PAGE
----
These 20-Under-40 Up-and-Coming Printing Industry Executives Share Their Success Stories
Still, even though he wrote Excel spreadsheets and Access databases for TPS' scheduling and estimating while in college, Lindemann's master plan was to carve out a niche for himself in the paper industry. Following his sophomore year at Miami (OH) University, he did a co-op for Jefferson Smurfit, working at the firm's Alton corrugated paper mill and its Highland box plant.
"I was looking at going into technical support for paper sales," he says. "I ended up getting married right before my senior year of college. The paper mill where I had interned closed during my junior year of college and, with several other mills closing at the time, I thought I'd have a more stable, secure career in which to start a family in the printing industry."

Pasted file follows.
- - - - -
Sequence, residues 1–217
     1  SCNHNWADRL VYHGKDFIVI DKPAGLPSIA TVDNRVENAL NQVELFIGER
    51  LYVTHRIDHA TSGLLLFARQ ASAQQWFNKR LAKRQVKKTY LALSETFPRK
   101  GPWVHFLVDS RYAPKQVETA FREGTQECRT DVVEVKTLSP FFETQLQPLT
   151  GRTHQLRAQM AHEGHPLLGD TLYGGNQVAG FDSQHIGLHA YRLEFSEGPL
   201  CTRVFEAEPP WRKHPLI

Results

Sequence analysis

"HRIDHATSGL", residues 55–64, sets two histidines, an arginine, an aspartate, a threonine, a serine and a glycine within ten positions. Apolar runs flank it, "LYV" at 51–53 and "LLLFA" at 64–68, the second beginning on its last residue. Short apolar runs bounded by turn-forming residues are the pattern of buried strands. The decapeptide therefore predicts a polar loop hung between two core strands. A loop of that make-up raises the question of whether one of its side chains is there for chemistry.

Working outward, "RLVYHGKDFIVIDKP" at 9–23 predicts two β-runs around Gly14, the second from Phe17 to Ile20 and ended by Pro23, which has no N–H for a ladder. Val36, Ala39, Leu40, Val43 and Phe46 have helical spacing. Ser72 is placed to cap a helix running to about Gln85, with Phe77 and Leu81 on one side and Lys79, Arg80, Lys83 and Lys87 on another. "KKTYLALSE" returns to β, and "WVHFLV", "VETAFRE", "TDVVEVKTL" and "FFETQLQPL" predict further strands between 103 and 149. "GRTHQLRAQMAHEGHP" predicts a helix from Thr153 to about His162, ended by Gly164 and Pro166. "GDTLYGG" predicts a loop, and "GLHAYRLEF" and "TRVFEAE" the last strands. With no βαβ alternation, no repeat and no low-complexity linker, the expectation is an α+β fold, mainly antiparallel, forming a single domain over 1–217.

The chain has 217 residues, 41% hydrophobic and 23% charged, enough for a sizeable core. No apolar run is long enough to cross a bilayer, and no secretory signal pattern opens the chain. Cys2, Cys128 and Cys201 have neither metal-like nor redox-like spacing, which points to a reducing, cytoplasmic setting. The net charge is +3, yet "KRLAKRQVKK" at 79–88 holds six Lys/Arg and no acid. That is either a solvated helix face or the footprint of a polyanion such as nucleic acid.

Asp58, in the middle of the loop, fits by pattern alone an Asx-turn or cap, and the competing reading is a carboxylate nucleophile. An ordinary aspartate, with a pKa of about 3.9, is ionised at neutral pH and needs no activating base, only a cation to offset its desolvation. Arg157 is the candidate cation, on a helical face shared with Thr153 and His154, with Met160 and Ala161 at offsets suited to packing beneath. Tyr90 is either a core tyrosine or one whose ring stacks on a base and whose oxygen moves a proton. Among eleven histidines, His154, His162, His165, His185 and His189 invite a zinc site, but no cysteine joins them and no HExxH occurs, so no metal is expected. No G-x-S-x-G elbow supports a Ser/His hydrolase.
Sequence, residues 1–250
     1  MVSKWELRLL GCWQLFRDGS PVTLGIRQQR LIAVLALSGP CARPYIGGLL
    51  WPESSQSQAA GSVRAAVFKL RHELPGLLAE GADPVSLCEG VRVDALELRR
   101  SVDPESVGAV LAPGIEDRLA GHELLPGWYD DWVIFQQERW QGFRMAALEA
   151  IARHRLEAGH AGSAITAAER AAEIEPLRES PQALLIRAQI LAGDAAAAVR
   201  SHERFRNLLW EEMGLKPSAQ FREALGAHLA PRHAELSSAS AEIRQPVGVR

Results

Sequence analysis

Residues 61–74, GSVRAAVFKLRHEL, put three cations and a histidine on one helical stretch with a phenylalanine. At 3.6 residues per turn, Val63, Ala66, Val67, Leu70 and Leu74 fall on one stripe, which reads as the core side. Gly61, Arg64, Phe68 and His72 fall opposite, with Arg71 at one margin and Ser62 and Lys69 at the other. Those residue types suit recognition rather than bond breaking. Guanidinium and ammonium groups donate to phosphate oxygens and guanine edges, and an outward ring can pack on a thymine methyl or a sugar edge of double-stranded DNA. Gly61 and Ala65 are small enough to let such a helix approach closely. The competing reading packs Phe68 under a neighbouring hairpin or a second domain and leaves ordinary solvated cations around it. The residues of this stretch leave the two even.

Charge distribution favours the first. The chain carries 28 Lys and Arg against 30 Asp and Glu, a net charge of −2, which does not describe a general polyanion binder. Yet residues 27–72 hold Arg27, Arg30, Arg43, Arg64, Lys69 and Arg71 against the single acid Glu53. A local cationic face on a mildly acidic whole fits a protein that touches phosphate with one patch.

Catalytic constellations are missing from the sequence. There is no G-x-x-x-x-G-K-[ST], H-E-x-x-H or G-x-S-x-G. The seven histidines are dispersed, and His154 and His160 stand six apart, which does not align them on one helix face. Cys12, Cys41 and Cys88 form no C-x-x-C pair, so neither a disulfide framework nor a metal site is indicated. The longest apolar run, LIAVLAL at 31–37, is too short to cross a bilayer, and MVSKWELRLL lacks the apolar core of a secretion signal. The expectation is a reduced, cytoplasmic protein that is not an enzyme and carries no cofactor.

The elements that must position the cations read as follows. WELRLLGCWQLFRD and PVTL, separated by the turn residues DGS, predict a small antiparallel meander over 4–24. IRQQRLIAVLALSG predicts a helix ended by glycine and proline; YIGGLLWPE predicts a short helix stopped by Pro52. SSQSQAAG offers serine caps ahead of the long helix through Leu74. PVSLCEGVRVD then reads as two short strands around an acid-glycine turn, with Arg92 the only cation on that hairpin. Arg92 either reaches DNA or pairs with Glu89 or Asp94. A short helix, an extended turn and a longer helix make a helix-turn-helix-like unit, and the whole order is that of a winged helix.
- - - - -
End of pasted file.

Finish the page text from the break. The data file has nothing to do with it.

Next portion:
When Lindemann graduated from Miami with a BS in paper science and engineering (plus a minor in statistical methods), he abandoned his plans to get into the world of paper and joined TPS.
One of the keys in becoming a successful manager is being well-versed with the equipment and software a company uses. "I'm a pretty quick study and always make it a point to get trained on every piece of equipment and software we buy," he says. "Once I know how everything is supposed to work, it's much easier to help our employees do their jobs better."
Lindemann is energized by new technologies. Knowing precisely what tools are available that could benefit one's company is paramount in staying ahead of the curve, and the competition. Lindemann is proud of the fact that TPS was the first U.S. book printer to install the Scitex VersaMark MPS Twin 22 high-speed inkjet web press for book production back in 2001.
"At that point, we thought we were about 18 months ahead of the market, but it took until 2008-09 for 'early adopters' to start bringing in inkjet," Lindemann notes. "By then, we were on our third inkjet press and looking for the next big thing."